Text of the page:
Gate: a hinged barrier used to close an opening in a wall, fence, or hedge.
A simple definition, but while choosing a new gate, there are a whole lot of things that need to be taken into consideration. Security, aesthetics, functionality, safety, space limitations, cost and operation (manual or electric) are among the most important factors to be considered.
Here is a list of 8 different types of gates that will definitely help you choose the right one for your space.
1. Swing gates
The most common type of gate that we see, which is either manually operated or automated. It could be a single leaf opening or double leaf opening based on the gate span available. Generally, it can be customised to suit specific site conditions, where you may or may not follow symmetry in design.
2. Bifold gates
Also known as folding gate. This gate is used in situations where there isn’t sufficient space for a traditional swing gate. Here the folding mechanism offers an ideal solution for larger openings.
3. Standard sliding gates
This type of gate is ideal for sites where there is insufficient depth for a protruding swing gate. It can be customised to fit even a very wide opening as much as 12m wide. It can be automated or manual. Here, the only constraint is that, you will need an additional wall space parallel to the gate for it to slide through.
4. Tandem gates
If your driveway opening is to one side and you don’t have enough room for a larger standard sliding gate, you have the option of tandem gates which run on a double track and slide back in parallel. It eliminates the constraint of having a parallel wall as in the sliding gate.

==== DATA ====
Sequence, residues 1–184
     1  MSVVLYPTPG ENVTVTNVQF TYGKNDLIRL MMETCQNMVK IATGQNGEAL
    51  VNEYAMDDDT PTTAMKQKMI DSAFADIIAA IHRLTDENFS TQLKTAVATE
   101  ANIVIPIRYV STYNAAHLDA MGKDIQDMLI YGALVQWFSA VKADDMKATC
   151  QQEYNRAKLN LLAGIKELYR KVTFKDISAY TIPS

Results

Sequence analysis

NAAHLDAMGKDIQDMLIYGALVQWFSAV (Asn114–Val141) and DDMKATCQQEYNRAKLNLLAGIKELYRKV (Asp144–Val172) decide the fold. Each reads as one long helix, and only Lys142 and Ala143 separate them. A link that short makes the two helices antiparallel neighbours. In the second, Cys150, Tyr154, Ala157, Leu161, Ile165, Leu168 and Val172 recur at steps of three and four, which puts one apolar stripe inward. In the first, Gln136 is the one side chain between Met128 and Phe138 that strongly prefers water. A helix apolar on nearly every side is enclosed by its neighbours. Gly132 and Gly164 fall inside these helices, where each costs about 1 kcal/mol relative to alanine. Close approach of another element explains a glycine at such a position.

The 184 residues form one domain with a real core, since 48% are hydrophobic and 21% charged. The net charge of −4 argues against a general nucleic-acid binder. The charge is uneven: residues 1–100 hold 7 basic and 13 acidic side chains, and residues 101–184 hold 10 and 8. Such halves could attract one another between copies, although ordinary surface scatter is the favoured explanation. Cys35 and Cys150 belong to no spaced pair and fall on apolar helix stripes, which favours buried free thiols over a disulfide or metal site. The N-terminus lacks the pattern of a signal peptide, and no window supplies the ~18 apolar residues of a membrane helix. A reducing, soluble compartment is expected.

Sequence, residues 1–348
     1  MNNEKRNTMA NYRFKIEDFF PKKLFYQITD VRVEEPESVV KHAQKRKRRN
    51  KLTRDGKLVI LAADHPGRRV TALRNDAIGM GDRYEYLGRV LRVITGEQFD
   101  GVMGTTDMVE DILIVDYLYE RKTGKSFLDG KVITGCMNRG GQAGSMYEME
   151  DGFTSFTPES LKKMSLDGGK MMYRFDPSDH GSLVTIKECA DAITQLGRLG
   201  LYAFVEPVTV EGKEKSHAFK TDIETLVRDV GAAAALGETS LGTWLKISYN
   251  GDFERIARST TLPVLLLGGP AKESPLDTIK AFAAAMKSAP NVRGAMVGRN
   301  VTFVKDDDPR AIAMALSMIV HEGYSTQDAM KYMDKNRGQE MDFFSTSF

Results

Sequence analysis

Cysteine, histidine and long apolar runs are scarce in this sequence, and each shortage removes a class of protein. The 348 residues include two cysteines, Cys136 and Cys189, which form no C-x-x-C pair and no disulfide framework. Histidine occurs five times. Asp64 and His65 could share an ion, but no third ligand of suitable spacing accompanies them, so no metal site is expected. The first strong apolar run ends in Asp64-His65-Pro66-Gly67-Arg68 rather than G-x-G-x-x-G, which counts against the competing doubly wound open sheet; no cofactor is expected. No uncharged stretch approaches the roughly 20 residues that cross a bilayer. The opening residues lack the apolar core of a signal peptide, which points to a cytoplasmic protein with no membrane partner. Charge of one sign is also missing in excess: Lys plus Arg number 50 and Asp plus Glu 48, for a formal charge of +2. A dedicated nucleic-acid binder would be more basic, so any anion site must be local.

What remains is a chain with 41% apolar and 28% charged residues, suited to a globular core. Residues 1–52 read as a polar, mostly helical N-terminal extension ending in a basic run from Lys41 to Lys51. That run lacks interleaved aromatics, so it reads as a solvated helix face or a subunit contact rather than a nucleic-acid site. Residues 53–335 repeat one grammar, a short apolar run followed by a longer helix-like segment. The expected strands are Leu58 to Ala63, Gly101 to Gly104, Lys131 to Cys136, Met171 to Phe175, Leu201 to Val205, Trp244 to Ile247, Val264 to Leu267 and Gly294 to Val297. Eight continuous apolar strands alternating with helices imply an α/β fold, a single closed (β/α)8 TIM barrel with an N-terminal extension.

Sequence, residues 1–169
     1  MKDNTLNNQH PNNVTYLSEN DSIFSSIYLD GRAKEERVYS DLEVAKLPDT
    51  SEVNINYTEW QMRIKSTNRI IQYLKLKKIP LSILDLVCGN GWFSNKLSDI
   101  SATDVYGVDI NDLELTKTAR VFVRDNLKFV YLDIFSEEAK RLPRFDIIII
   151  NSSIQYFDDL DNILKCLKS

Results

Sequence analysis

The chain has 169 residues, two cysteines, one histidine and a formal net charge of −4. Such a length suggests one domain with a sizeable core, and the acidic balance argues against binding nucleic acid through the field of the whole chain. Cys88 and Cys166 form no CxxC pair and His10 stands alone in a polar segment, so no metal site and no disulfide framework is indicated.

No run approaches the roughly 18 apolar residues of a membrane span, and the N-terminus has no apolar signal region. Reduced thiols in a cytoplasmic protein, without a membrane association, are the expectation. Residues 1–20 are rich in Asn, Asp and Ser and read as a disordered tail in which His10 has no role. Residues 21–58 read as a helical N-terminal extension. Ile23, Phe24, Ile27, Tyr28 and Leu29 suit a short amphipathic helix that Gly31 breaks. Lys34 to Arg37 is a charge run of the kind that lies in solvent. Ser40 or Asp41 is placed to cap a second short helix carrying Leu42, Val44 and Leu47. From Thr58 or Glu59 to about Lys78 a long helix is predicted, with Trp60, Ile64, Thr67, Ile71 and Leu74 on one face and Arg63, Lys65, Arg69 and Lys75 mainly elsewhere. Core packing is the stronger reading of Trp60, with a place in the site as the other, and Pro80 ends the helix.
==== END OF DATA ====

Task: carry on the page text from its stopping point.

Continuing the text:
5. Double sliding gate
This is an ideal solution where the gates have a middle opening. Both gates slide back along opposite sides of the perimeter fence/wall. This mechanism is commonly used in the Interiors, when two spaces are seperated with a door opening.
6. Tapered gates
If your driveway is on a slope, it’s still possible to have an electric or manual gate which ticks all the boxes in terms of functionality, aesthetics, security and performance.
7. Top hung gates
This design is ideal for basement carparks where there is restricted entry/exit space. The gates open vertically, offering a practical and effective security solution.
8. Cantilevered gates
These don’t need an in-ground track across the opening so they can be installed without disturbing the driveway. The cantilever design can accommodate a hump or dip in the driveway contours and it means the gates cannot be lifted off the tracks which can be an advantage from a security perspective.
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